Some research has been done on extending non-audio games into the audio realm. An example — in the spirit of Shades of Doom — is AudioQuake, which does not build a game from the ground up, but aims to make the groundbreaking first-person shooter Quake playable without visuals. The player has certain extra objects, a radar scanner, and an item-detection scanner. These give audio outputs and alert the player to an object or event. A more obvious candidate for audiogame conversion are music games designed for sighted-people, such as dance games and games where the user plays a fake guitar to attempting to synchronize with the music.

In “Finger Dance”, a new game rather than an audio overlay, users listen to music, and try to match the rhythm with key press patterns using four keys, responding to different types of drum rolls. There is also an audio-based menu system. Another audiogame from the music/dance genre is AudiOdyssy. The player is a DJ and uses the keyboard or Nintendo Wiimote to play dynamically generated sounds. The aim is to trigger them in time with the current song playing to excite the virtual audience on the dancefloor. Stereo spatial cues tell the user how to move the Wiimote.

Speed Sonic Across the Span is a platformer audiogame that uses voice, auditory icons and earcons. Objects are represented to the left and right of the player by using stereo panning. The player can jump, walk and stand still. Jumping causes the pitch to go up and then down and the player lands with a noise. A voice announces which platform level platform the player is on (1, 2, 3 or 4). Running or jumping into a solid surface causes vocal sounds to trigger. A form of sonar helps the player find platforms in front of them. The sounds of enemies (bees and dogs) are panned so the player can tell what direction an enemy is approaching from.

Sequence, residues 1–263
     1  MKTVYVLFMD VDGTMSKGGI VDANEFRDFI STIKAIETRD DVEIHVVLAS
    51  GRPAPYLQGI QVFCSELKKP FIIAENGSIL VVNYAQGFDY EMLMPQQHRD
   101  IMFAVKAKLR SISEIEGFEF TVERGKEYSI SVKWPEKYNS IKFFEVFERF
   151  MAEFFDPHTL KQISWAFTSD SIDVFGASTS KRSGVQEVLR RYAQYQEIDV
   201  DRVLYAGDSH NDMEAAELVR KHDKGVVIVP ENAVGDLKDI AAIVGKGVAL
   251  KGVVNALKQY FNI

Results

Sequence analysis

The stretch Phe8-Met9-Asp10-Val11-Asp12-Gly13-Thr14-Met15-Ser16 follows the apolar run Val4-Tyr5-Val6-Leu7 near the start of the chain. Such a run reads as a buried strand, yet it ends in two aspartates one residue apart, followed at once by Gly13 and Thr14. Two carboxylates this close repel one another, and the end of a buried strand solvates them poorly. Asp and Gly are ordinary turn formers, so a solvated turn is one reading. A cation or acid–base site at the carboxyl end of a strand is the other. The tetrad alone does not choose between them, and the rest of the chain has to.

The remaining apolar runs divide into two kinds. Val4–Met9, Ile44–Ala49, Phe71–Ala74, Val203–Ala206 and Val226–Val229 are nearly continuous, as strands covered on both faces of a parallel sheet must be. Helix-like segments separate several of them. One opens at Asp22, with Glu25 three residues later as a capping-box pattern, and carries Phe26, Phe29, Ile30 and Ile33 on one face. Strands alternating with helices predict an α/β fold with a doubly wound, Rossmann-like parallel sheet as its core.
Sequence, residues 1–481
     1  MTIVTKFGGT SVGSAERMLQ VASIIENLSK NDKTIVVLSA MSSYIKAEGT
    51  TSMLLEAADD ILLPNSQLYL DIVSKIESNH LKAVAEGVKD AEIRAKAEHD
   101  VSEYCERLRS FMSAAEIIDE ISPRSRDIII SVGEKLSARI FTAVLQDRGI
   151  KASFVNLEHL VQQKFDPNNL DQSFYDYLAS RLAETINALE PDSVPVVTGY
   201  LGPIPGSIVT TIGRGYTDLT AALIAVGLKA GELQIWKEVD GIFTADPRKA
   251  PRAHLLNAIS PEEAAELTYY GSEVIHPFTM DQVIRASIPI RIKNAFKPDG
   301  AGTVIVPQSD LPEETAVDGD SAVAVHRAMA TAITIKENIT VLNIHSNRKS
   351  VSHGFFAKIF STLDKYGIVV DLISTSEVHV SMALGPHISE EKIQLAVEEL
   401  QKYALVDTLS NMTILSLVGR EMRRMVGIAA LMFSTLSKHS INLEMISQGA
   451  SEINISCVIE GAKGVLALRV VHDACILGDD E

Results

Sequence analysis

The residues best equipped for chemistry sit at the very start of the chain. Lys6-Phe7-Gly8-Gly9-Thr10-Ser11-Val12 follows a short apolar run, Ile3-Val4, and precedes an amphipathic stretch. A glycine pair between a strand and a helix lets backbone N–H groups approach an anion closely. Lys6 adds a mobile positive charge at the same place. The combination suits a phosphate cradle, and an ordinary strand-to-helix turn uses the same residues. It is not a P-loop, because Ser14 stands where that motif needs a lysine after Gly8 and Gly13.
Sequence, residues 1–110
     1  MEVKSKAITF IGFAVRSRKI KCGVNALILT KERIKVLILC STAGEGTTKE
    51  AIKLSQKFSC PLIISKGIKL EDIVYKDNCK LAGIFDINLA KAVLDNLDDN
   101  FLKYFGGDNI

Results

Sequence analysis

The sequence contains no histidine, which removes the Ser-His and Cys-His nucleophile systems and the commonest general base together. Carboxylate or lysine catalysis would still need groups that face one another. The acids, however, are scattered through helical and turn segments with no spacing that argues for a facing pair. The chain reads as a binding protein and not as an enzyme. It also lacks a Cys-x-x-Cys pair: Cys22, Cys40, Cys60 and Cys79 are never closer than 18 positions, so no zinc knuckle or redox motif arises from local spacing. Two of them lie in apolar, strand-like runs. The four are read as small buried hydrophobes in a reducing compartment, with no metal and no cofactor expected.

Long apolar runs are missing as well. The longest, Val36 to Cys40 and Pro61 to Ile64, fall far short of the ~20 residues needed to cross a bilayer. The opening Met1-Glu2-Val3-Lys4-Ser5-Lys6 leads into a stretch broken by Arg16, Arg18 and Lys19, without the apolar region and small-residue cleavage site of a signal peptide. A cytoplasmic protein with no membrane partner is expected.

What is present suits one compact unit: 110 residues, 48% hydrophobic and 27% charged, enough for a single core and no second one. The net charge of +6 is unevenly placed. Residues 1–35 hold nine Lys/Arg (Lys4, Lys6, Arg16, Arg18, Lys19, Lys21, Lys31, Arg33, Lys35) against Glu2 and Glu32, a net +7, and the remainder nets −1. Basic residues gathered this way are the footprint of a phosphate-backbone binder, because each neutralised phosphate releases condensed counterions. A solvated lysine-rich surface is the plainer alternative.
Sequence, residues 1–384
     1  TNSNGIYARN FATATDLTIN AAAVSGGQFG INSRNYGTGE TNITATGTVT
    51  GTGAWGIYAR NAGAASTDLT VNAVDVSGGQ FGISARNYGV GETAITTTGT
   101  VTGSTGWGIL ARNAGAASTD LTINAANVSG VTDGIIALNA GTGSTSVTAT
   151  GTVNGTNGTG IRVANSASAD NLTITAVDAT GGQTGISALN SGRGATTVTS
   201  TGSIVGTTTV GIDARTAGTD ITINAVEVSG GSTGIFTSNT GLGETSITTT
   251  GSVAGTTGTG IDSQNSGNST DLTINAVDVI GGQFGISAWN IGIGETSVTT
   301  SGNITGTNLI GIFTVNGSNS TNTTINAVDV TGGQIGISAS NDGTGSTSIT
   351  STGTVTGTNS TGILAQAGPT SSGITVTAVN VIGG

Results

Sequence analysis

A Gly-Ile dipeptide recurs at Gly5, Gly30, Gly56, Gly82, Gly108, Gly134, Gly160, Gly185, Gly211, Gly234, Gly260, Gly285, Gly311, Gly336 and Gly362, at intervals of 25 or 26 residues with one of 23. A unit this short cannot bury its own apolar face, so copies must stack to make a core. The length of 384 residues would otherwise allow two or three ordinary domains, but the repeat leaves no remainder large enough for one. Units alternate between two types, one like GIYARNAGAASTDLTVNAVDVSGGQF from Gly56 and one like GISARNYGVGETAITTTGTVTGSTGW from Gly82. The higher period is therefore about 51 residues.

Blind Hero is a music rhythm game — but unlike the earlier Finger Dance, it is an overlay on the Frets on Fire, a game similar to the well-known guitar hero. Blind Hero involves a specially-designed haptic glove that the user wears. The glove gives vibrations on different fingers to indicate that there are notes arriving that need to be played. As well as engineering the glove, much work had to be put in to design the timing of the vibrations, which indicate both how long to press the fake guitar buttons and how long to press them.


The release of the Apple iPhone had a significant impact on audiogames as it created a powerful piece of technology that was heavily headphone based, and had a very small screen. The 2010 game Papa Sangre was an audio-only released for iPhone which won or was nominated for a number of gaming awards, and fascinated both people who were blind and people who were not. It is based in a supernatural world. The player moves by tapping the screen as a footstep metaphor, and turns by turning the phone. The game uses binaural audio to create a surround effect in the headphones. The player must avoid hazards, solve problems and collect musical notes in the environment. A sequel was also released. Sound Swallower, another iPhone game, was published in 2011 and is an audio-only game that uses the device’s GPS. The player must avoid the Sound Swallower and run to collect sounds from around them before they are erased.